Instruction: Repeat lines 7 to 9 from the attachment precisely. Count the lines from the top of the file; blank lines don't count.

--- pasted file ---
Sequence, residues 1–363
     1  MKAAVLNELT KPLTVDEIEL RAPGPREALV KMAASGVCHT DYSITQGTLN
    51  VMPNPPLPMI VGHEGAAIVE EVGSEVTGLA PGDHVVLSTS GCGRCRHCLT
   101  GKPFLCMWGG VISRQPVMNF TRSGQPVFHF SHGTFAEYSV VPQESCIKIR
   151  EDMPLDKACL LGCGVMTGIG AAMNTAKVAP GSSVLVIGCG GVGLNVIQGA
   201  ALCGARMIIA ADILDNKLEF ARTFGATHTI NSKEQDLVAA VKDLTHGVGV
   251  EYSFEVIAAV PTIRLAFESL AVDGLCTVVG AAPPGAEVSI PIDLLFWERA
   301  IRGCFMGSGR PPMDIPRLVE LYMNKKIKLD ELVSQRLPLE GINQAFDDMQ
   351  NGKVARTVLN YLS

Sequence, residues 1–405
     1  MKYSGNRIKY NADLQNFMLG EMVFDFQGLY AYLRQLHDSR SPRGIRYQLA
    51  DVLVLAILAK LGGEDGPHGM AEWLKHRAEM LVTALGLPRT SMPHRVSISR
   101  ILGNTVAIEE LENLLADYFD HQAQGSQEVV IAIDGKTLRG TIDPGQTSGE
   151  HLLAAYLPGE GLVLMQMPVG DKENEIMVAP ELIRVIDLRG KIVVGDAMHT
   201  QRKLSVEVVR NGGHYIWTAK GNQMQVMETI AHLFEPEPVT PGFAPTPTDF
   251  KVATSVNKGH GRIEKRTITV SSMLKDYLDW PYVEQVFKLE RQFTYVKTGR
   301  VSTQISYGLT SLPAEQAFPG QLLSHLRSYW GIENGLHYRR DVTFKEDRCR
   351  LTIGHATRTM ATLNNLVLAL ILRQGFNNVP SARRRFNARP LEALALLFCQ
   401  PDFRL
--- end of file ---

   251  EYSFEVIAAV PTIRLAFESL AVDGLCTVVG AAPPGAEVSI PIDLLFWERA
   301  IRGCFMGSGR PPMDIPRLVE LYMNKKIKLD ELVSQRLPLE GINQAFDDMQ
   351  NGKVARTVLN YLS